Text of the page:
3. Database operations: tasks that require processing of large amounts of records potentially could benefit from parallel processing by having each node build a query that returns only a portion of the entire set needed. Each node then processes the records as needed.

  4. System security: system administrators can see just how secure their users' passwords are. Try a brute-force decoding of /etc/shadow using a Beowulf by dividing up the range of the checks across several machines. This will save you time and give you peace of mind (hopefully) that your system is secure.

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about execution

rajesh k r's picture

can anyone tell me how to run the above code on cluster or on LAN.if anyone has code send me at krrajesh7@gmail.com

image in c

Anonymous's picture

can any1 tel me how to execute above in C

and pls help us for how to put processed image in another file i.e. gray scale image

interesting concept... is

bharath's picture

interesting concept... is there any way u can send the source code, i'd like to use it for my class project...

cristal clear concept necessary for a starter.... :)

Chandra's picture

Hello,
This article has helped me to explore the extream ends of parallel
computing and MPI.During my study and running codes on cluster PADMA
at CDAC India I always had a dim picture of MPI application till I read this article.
Nice and sincere approch..

Image processing program

Vayrix's picture

Has someone filled up the gaps missing in the code? I'm not an expert in C/C++ programming, but I would like to see and run whole code on ROCKS cluster. So I would appreciate if someone gave me complete program code, if possible.
Thanks!

test Program

BryanC's picture

Any chance you still have this full test program source in C++?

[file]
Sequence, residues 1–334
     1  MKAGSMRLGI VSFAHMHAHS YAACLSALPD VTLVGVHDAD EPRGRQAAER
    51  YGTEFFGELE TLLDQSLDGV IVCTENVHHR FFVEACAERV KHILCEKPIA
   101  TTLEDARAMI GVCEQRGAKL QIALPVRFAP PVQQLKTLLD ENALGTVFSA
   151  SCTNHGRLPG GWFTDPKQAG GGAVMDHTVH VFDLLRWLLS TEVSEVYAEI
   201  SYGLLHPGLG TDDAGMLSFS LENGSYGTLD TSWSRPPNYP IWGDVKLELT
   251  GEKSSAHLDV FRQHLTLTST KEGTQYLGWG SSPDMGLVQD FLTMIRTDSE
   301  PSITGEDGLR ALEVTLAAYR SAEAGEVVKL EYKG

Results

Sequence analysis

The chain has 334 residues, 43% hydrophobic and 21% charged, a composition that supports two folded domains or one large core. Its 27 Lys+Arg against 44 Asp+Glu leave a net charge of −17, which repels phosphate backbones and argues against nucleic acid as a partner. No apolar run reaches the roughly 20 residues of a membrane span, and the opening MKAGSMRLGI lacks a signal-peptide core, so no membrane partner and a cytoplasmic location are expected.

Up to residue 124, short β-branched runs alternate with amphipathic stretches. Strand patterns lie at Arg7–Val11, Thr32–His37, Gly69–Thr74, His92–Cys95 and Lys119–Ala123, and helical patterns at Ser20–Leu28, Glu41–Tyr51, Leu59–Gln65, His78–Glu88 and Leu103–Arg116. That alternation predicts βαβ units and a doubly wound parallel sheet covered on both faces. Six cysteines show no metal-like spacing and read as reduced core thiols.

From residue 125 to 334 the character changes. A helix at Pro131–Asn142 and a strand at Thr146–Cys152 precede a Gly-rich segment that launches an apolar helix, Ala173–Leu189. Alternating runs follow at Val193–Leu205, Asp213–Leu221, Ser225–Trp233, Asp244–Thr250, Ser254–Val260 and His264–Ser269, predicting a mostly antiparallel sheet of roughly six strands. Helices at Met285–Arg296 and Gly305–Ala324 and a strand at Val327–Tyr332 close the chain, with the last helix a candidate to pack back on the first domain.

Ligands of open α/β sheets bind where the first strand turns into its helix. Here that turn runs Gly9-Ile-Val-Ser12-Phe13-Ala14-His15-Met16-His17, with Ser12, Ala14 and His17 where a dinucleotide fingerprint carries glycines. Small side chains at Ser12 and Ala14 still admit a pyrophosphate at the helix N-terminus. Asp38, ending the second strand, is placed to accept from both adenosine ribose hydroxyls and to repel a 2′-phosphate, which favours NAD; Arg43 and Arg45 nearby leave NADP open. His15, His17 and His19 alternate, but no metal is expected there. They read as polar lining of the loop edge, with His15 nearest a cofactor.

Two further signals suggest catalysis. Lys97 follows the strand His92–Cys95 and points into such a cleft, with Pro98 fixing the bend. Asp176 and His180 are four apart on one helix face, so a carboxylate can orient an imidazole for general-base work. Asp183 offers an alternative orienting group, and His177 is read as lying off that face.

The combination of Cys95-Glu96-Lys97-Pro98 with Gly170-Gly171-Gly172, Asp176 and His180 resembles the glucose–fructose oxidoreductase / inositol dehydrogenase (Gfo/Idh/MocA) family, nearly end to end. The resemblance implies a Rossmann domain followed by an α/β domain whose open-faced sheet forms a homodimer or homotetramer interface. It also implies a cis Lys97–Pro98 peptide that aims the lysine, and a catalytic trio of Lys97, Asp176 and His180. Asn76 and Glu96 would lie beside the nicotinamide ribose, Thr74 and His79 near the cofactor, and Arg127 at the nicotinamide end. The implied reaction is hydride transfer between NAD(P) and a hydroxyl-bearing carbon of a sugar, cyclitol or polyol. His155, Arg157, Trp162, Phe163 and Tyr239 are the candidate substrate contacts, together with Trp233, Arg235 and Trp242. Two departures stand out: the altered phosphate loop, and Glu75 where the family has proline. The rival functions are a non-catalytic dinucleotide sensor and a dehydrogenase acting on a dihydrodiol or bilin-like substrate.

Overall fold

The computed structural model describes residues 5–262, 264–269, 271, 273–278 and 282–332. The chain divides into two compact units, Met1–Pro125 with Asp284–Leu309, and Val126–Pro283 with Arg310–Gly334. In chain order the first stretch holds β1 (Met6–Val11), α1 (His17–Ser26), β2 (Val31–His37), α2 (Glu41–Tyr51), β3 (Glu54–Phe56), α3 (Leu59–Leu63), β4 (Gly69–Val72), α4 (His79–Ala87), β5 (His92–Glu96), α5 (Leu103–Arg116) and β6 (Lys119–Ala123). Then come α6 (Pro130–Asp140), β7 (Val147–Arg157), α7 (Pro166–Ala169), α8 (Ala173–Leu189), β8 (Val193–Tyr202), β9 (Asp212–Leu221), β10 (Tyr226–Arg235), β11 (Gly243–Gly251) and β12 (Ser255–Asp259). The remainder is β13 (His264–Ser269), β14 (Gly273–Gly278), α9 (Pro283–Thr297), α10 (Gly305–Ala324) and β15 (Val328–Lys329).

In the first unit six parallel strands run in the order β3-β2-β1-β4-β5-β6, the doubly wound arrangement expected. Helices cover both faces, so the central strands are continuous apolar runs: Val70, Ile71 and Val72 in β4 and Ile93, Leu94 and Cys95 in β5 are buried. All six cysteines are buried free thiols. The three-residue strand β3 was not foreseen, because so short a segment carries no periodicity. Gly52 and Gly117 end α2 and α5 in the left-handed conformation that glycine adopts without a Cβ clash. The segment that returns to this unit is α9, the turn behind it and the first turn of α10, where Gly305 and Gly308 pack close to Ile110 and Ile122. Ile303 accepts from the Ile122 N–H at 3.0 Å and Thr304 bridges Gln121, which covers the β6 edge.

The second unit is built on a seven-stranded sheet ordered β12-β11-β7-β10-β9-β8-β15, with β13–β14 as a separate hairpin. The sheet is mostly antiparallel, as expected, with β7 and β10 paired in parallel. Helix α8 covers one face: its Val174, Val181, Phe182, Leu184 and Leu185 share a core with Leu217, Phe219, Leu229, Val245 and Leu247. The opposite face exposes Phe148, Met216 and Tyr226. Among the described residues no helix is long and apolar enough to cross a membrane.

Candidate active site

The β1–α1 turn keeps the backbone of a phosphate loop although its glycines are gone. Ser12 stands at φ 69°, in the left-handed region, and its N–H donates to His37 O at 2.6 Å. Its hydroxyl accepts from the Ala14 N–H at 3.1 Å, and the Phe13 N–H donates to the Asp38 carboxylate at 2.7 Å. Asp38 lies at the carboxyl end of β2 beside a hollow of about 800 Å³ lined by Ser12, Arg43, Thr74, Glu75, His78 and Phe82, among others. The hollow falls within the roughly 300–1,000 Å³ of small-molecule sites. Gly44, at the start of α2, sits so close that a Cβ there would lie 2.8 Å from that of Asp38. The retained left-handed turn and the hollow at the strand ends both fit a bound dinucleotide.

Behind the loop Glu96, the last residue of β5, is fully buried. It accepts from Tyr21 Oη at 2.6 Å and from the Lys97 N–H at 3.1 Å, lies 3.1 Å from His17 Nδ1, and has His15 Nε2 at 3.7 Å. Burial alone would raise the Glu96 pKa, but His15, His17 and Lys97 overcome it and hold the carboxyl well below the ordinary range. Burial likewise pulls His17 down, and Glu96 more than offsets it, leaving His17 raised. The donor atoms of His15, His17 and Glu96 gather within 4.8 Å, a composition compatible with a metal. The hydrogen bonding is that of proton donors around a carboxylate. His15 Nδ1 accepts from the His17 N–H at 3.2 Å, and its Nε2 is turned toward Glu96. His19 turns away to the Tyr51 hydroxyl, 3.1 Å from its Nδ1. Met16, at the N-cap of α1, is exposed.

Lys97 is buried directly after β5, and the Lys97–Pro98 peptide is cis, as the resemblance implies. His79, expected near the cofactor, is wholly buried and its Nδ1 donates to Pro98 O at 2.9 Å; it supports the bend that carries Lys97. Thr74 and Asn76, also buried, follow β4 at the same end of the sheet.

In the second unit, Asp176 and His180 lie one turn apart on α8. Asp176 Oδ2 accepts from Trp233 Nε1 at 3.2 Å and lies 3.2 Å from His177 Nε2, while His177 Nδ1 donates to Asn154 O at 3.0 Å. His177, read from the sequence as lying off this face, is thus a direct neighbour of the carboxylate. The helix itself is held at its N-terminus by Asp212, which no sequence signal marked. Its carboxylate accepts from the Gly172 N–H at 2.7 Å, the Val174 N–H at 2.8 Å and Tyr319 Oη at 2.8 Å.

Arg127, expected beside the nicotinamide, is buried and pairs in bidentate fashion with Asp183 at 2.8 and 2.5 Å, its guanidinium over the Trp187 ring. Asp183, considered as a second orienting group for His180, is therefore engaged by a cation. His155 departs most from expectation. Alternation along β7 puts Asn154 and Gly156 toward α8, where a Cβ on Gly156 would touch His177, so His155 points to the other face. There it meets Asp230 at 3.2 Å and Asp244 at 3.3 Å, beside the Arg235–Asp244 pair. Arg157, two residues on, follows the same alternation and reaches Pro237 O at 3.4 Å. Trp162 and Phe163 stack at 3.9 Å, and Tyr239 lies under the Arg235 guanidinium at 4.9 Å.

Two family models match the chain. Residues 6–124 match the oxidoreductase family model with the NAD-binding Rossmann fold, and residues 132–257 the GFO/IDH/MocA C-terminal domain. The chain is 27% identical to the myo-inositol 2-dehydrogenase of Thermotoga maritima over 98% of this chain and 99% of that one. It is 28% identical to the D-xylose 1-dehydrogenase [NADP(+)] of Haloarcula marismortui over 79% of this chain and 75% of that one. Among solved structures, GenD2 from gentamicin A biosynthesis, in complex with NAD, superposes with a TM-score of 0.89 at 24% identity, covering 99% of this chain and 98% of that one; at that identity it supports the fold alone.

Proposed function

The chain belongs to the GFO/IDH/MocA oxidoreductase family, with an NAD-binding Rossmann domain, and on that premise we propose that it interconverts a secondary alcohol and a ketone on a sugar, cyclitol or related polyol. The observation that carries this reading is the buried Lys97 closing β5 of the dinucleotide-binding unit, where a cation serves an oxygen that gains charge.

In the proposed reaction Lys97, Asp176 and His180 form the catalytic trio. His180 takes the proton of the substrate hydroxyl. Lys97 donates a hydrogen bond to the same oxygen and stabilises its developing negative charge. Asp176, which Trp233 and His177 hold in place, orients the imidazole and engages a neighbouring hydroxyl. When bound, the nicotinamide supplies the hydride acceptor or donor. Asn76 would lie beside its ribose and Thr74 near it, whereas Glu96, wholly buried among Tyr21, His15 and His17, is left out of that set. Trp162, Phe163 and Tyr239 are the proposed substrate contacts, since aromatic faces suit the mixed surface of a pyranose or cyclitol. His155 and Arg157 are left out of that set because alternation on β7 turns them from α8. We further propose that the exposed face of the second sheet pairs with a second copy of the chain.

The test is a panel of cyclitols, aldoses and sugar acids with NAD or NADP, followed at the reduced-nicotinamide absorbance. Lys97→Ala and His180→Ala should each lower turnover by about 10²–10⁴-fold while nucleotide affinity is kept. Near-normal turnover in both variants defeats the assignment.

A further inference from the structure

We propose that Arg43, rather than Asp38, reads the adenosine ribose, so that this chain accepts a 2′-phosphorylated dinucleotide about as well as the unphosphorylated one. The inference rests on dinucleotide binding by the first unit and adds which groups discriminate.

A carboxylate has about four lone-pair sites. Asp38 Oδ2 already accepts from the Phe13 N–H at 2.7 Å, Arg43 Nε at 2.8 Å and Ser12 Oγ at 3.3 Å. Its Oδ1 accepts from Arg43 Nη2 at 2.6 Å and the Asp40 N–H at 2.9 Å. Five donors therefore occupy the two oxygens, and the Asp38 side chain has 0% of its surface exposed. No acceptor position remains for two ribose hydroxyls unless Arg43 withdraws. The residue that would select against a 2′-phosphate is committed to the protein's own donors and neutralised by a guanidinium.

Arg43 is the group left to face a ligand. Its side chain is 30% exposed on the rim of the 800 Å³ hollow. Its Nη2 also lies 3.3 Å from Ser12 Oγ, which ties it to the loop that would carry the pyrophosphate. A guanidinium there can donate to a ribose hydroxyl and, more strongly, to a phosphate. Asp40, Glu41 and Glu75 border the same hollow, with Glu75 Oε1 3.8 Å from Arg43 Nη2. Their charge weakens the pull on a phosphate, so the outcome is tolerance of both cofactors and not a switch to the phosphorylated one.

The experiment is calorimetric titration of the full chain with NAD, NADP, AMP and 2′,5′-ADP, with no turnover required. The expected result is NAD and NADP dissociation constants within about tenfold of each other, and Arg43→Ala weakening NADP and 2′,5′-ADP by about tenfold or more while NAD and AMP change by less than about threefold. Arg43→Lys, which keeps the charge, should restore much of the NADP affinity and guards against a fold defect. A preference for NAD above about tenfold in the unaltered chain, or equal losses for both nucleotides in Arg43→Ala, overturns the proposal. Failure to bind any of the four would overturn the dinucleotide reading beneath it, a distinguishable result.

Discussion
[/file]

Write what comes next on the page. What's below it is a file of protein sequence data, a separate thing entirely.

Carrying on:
This article has inspired me to set up an HPC cluster with a few fellow students, and I think a graphics algorithm such as this would be exactly what we need to awe our audience (possibly project benefactors, school deans, etc).

me too

Anonymous's picture

I could really use this source code for a class of mine. Let me know if you get it. -Larry Prokov

Good info

Michael Locker MD's picture

Very informative. Thanks.

Michael Locker MD

MOSIX and openMOSIX have

Anonymous's picture

MOSIX and openMOSIX have been getting a lot of attention lately, but they are used primarily for programs that are not specifically written to run on clusters, and they work by distributing threads in multithreaded programs to other nodes.

This is an inaccurate statment of how openMosix and I am pretty sure MOSIX work. They do not migrated threads of a multi threaded application but migrate the whole process. In fact applications that used shared-memory such as multi-threaded applications, like apache, require a secodn pacth on top of openMosix to use the migration system. Still for making fast cluster for multi-stage proccess such as video conversion or manipulation it is very effective at handling the workload.

Is there a way to speed up cpu-intensive application ?

BO Yang's picture

Good article I think .
Just few days ago , I have taken part in the ICFP contest and the task is to write a virtual machine . And I am disappointed that I didn't complete the test because of my slow application which will occupy all my cpu whenever start up . Does parallel programing help in this situation ? I think it will do nothing good with the such kind of cpu-intensive application , any idea ?

CPU Intensive Applications

M. Hore's picture

In my experience, cpu-intensive jobs are easily parallelized and benefit from it whenever their tasks are easily broken up into pieces that are more or less independent of each other (though they need not be). I don't immediately see how one might parallelize a virtual machine, and don't see how it might be beneficial, but I could be wrong.

What do you find to be the major bottleneck in your virtual machine?

Mike.